Dean Thomason sent an email message to the community on Thursday morning, March 18, regarding hate crimes against Asian Americans—not just in Georgia, but also in our own city, our own neighborhoods, and our own community.
The news out of Atlanta over the last 36 hours has been a swirl of tragedy, horror, and a distressing series of comments by police that seek to point anywhere but to the fact that these murders were racially motivated. Sex addiction, mental illness, human trafficking, random gun violence—these are threads woven into the news cycle for reasons yet unclear to me—perhaps meant to humanize the alleged perpetrator (we must ask then, for what purpose?), or perhaps police are striving to avoid stoking the embers of racial protests Atlanta saw last summer.
Whatever the motives, and whatever other “isms” may be involved in this mass murder, it is evident that these were racially motivated hate crimes targeting Asian women. What’s more, I have heard from Asian Americans in the Saint Mark’s community in the last 24 hours expressing a real fear for their lack of safety in this time—and yes, in this place…in Seattle where we have heard accounts of violence against Asian Americans precipitated by an insidious xenophobia seeking to lay blame for a viral pandemic. This is not an issue for a city in the Deep South—it is an epidemic that has swept the nation, and lurks in our midst as well—right here, right now.
The Vestry of this Cathedral is on record as denouncing white nationalism which I believe is at the heart of all this hatred and the violence that flows from it. I write this morning, not primarily to comment on the hate crimes in Atlanta (horrific as they are), but to draw on whatever emotional response you may have in this moment in the wake of those murders, and say to you: we have work to do HERE, in Seattle, and at Saint Mark’s.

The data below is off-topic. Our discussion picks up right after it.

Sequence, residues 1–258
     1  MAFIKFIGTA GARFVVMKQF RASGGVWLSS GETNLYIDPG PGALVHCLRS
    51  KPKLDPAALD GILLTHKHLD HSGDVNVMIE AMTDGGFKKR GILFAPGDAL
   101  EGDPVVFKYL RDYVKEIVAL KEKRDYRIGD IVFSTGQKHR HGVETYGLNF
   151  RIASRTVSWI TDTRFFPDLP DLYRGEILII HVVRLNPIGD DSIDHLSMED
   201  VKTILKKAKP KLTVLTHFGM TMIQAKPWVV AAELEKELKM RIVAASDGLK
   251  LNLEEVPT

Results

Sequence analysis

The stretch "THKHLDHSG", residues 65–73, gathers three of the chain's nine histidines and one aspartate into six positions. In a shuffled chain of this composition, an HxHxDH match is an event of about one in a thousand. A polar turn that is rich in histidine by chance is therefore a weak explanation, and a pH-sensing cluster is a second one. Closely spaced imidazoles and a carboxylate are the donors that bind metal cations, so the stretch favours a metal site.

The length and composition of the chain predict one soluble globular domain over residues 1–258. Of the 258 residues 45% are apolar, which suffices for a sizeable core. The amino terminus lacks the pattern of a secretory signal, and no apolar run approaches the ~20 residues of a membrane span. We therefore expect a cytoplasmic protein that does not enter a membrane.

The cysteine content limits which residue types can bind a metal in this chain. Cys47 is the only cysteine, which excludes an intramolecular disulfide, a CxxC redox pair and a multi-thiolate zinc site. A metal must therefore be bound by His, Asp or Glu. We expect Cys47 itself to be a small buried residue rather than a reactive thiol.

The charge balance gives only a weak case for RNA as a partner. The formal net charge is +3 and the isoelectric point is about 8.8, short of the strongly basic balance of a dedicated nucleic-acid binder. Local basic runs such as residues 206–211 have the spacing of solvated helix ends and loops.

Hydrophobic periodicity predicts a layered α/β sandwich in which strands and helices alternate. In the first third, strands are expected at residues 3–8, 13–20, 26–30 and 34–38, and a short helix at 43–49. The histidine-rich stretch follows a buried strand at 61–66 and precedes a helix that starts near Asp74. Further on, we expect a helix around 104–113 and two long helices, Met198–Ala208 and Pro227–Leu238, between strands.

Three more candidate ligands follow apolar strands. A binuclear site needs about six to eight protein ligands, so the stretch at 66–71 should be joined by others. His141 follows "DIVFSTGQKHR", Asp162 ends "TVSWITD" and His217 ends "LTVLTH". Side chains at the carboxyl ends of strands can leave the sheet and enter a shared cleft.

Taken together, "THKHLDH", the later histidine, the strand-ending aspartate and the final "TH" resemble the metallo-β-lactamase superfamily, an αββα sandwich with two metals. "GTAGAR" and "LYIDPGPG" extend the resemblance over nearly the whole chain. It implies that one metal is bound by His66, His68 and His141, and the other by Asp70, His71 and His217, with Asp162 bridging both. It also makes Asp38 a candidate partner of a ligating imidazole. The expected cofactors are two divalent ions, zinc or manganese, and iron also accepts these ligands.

An estimated ten percent of the Saint Mark’s community are Asian Americans; 14% of Seattle’s population is Asian. It is not okay that they do not feel safe. It is not okay that they feel the need to watch over their shoulder when they go to the grocery store, or to work…or to church. The collective trauma of decades of disrespect, injustice, and racial violence takes its toll, and I wonder how we might awaken to the haunts of racism, not just as a systemic blight on our society, but also really face racism as the very real weight some in our midst must carry relentlessly while others of us do not.
Do we care enough to make it personal?
Here on the eve of Holy Week, I’m mindful that Jesus says, if we are to follow him, it must be personal. What is our response, beyond horror or outrage for a few days before returning to our routines? What is our response collectively as a faith community? What will you do personally?
Your Brother in Christ,
The Very Reverend Steven L. Thomason
Dean and Rector